About Ed

Ed Griffin

Ed Griffin (center) teaches creative writing at a medium security prison in Western Canada. He taught the same subject at  a maximum security prison in Wisconsin.

He began his professional life in 1962 as a Roman Catholic priest in Cleveland, Ohio. There he became active in the civil rights movement and marched in Selma with Doctor Martin Luther King. Removed from a suburban parish for his activities, he served for three years in Cleveland’s central city. His years in the Roman Catholic Priesthood are the subject of his next novel.

After leaving the priesthood in 1968 he earned a masters degree at the University of Wisconsin-Milwaukee and was elected to Milwaukee’s city council in 1972.

Griffin and his wife, Kathy, opened a commercial greenhouse in suburban Milwaukee in 1976. They lived where they worked and shared the joys of raising children and growing flowers. In 1988 the family, Ed and Kathy, Kevin and Kerry, moved to British Columbia, Canada, where Griffin helped establish a dynamic writing community in the city of Surrey. He is the founder of Western Canada’s largest writer’s conference, the Surrey Writers’ Conference.

He has published poetry, plays, short stories and a newspaper column. His writing has won several awards and the American Humanist Society has honored him as the teacher of a prize-winning inmate writer. Griffin believes that all the arts, including writing, should be encouraged in prison. “As Aristotle said, ‘art releases unconscious tensions and purges the soul.’”

Comments
  1. Joy Willmott says:

    Really proud of you, Brother. Joined your blog. Not sure how to comment on your identity piece, but prison seems to be physical, emotional and spiritual punishment. Why can’t it be rehabilitation?

  2. Joanne Kehayas says:

    I too am very grateful that you started this blog. There are so many negative postings on prisoners out there that we need to counterbalance it! I have been doing my part by responding to the negative ones and will continue to do so.

    There is so much truth in your words and although some may already know about the issues you point out, repeating these facts certainly helps to make this viewpoint heard over the ugly din from the crowd who, in great ignorance, yells, “Lock ’em up and throw away the key!”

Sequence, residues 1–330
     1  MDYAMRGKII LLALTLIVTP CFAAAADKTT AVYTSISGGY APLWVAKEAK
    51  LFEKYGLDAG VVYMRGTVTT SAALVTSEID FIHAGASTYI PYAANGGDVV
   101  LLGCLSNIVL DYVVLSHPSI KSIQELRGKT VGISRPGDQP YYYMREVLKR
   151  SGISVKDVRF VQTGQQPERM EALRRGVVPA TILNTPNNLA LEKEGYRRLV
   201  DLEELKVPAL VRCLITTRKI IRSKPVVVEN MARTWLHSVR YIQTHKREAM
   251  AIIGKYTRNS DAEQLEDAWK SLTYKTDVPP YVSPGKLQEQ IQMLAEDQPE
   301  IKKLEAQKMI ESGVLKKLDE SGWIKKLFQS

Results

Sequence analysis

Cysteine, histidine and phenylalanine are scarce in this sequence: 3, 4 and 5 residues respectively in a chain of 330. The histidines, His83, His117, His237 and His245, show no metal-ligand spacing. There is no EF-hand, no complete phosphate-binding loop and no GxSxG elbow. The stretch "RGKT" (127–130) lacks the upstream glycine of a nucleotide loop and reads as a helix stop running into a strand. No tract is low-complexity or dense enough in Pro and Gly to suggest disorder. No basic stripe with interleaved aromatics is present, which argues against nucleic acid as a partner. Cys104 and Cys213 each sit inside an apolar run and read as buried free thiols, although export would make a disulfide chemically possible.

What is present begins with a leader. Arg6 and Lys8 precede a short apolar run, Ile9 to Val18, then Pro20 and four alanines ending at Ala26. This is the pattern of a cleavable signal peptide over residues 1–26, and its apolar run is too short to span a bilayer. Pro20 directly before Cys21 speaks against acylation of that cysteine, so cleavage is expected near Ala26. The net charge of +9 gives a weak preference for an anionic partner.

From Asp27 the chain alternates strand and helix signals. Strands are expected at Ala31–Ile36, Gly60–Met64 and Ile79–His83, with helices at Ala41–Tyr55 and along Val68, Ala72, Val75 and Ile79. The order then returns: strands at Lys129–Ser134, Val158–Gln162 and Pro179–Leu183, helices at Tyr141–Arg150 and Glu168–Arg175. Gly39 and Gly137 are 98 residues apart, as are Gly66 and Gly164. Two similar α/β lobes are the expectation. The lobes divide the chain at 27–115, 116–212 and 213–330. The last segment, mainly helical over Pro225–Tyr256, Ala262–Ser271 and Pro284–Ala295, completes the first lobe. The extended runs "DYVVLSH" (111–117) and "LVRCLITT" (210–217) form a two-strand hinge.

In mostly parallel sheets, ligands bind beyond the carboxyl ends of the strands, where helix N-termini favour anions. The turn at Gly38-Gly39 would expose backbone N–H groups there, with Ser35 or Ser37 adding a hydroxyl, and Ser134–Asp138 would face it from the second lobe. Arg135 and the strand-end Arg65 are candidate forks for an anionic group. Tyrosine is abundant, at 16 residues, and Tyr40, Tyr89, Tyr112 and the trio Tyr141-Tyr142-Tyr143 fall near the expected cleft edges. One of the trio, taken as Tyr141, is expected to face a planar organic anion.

3. Catana says:

    When I started following your blog, I didn’t know where it would lead. Most recently, it led me to Dystopia and Bend Over and Show Your Lobster — and to I.M GreNada’s blog and newspaper columns. I’m a fairly new author whose main concerns are injustice, slavery, the abuse of power, etc. I’ve been trying to figure out how to write about those subject in fiction in a way that will open people’s eyes. But the balance between entertainment and truth is very difficult, and what I’ve learned so far is that people prefer to be entertained. Which makes me not want to write any more of the type of books I’ve been writing, and go for more hard-core fiction that refuses to pull punches. But when it comes down to it, books don’t have the power that they used to, and nothing that you or I can say will change much, not at the deepest levels where it counts. So I’ll write the best that I can, and if some of it swings to the entertainment side and makes more money, then I’ll put some of that money where it can be useful in helping individuals. If I can’t find something similar in the U.S., I’ll contribute to the John Howard Society.

    Thanks for putting yourself out there and being who you are.

  4. Cathy Tait says:

    Thank you Ed, for posting a blog on Kelvin Purdy- my nephew- I have always believed in
    his innocence from day one. The police, lawyers and judge at that time had no interest in
    looking at the boyfriend, now the boyfriend has an assault charge against him from over
    one year ago. Aunt Cathy- keep your chin up Kelvin.

  5. iarxiv says:

    Hi Ed,
    I’ve nominated you for the Wonderful Team Member Readership Award! Not everyone likes to accept awards, but I wished to highlight your blog for my readers and this was my way of saying that I think what you do here is important. I wrote a bit about you here http://iarxiv.com/2014/02/14/awards-for-fellow-bloggers/

    If you do choose to accept the award, technically you should write a post, stick the little pic of the sun on your blog, and pass the award on to others who you think are worth it. I chose to give it to only one person, you, because I believe that nominating 15 blogs simply dilutes the power of the award to highlight important/interesting blogs.

    In any case – keep up the good work! 🙂

    • Ed Griffin says:

      Thank you, iarxiv. I appreciate your interest and support. I taught in prison for twenty years. Some days it seems as if I have no material for this blog, but then I search all the stories and articles I edited for inmates and there’s enough material for a book. I suppose that’s true of all of us. We may think our past is boring, but when we really think about it…. stories are there.
      Thank you for the award. I appreciate that.
      Ed
      http://edgriffin.net/

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